The horror genre gets a bad rap. Regrettably, that’s because many films within the genre believe they can skimp on one aspect of storytelling, such as characters or dialogue, and replace it with cheap pop ups. That would be like replacing witty banter with fart jokes in a comedy – it’s cheap.
Scares are the horror genre’s punch lines, and as such, they aren’t easy to pull off. But scares aren’t the only thing that makes up a good horror film. Like any good work of art, an excellent horror film needs depth and character.
Since 2000, we have seen the horror genre change shape and scope in a multitude of ways, whether it’s the explosion of torture porn to the more somber, character driven foreign films. This list seeks to honor some of the best horror films of the new century.
30. The Mist (2007) – Frank Darabont
The Mist takes some liberties with its source material, a Stephen King novel of the same name, but even King himself has admitted that these changes have transformed the film into a horror classic.
The film explores what lengths the average person would be driven to in extraordinary circumstances. In this case, the extraordinary circumstance is a foreboding mist that contains terrifying creatures inside. What this danger eventually leads our heroes to is one of the darkest endings in American horror.
29. Splinter (2008) – Toby Wilkins
Shot on a relatively tight budget, Splinter manages to be one of those rare B-movies that outdoes itself, especially in regards to production value. It features a common horror concept: people get stuck in a building as a monster tries to kill them all.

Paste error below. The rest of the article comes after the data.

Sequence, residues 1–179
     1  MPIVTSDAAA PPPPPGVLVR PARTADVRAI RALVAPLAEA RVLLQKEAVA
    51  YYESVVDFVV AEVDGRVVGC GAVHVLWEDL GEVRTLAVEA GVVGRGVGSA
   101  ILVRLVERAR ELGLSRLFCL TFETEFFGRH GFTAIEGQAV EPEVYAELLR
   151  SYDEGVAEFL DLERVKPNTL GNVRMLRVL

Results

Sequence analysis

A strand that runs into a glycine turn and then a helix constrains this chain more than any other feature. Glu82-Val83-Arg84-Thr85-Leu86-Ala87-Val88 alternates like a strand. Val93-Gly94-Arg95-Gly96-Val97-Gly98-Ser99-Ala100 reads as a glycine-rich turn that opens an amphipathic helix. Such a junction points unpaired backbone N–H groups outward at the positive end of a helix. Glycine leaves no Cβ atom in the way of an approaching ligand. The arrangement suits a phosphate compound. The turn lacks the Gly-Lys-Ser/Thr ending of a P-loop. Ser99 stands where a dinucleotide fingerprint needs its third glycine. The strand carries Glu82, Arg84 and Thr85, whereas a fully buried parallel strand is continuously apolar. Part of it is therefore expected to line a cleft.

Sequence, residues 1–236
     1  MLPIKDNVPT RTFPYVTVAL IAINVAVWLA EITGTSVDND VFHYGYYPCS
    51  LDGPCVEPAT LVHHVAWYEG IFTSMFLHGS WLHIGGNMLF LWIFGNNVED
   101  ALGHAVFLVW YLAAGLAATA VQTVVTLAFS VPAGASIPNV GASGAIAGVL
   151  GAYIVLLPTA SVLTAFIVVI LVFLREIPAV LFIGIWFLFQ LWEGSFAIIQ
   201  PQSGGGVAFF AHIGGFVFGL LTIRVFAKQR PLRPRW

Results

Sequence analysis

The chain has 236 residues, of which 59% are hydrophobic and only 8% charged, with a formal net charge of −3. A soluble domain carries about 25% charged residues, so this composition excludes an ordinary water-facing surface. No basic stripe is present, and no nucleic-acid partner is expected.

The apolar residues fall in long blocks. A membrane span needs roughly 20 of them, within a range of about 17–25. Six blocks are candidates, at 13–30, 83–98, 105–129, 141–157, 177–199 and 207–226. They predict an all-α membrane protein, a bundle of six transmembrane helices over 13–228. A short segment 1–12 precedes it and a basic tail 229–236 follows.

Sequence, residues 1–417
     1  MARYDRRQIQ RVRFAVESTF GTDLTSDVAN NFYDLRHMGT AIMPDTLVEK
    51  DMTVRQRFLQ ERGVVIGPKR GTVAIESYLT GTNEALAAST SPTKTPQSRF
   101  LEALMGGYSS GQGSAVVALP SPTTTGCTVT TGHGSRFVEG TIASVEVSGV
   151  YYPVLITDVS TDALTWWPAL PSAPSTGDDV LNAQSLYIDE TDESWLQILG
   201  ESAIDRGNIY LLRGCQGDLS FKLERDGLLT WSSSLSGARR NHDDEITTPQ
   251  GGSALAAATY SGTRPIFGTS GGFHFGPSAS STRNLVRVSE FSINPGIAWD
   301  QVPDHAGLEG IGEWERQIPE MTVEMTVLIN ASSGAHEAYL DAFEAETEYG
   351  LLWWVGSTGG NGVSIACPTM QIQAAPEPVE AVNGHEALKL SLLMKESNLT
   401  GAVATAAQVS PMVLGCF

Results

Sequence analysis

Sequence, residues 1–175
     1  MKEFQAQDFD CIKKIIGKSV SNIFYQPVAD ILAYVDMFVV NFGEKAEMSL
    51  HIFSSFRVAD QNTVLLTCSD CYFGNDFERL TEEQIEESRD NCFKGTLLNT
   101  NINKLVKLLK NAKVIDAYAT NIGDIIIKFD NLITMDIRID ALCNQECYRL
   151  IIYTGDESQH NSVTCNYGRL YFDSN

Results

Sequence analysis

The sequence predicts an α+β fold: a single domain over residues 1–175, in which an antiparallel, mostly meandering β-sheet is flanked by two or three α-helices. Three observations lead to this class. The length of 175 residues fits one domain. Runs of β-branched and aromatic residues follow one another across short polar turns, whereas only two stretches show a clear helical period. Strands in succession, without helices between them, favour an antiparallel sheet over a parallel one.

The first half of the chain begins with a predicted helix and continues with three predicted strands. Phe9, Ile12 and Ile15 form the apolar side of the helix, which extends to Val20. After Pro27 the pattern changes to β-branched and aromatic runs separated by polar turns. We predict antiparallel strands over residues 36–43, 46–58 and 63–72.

Without giving away too much, the monster in the film manages to be unique without feeling forced or contrived. The writing is slick, starring three main characters that go outside of horror cliché. All of this wrapped up in Wilkins taut, fast-paced, balls-to-the-walls directorial style makes for one of the most enjoyable horror movies to come out in recent years.
28. Eden Lake (2008) – James Watkins
Eden Lake tells the tragic tale of a proposal vacation gone wrong. Sneaking onto a beach about development, the couple, played expertly by Michael Fassbender and Kelly Reilly, are berated and then attacked by a gang of unruly teenagers. This leads to a series of escalating events that eerily feel all too plausible.
The film is a warning bleat against the dangerous attitudes of the hive mind. Watkins directorial debut doesn’t shy away from bleakness, making it a terrifying powerhouse to be reckoned with.
27. Inside (2007) – Julien Maury/Alexandre Bustillo
This French horror film has a horrifyingly simple premise: a stranger invades a pregnant woman’s house with the intent of stealing her baby – from within her. As a word of caution to all who are curious, do not prepare a meal before watching Inside. Inside is a prime example of the new wave of extreme French horror, wasting no time in being completely and totally disgusting. It features some of the most disturbing images you’ll ever see, most starring a pair of knitting scissors.
However, there is lost potential with the idea. At times, the shock and awe of the film’s brutality seems to be all it has going for it. The structure is rigid, with any of the heroine’s potential saviors being cut down by the villainess almost as soon as they appear.
The characters fall flat, but as with most horror films, this isn’t a kiss of death. And the film could have done without the CGI shots of the fetus in the womb. Still, Inside manages to push boundaries in ways few others can measure up to, and it is for this reason that it is commendable.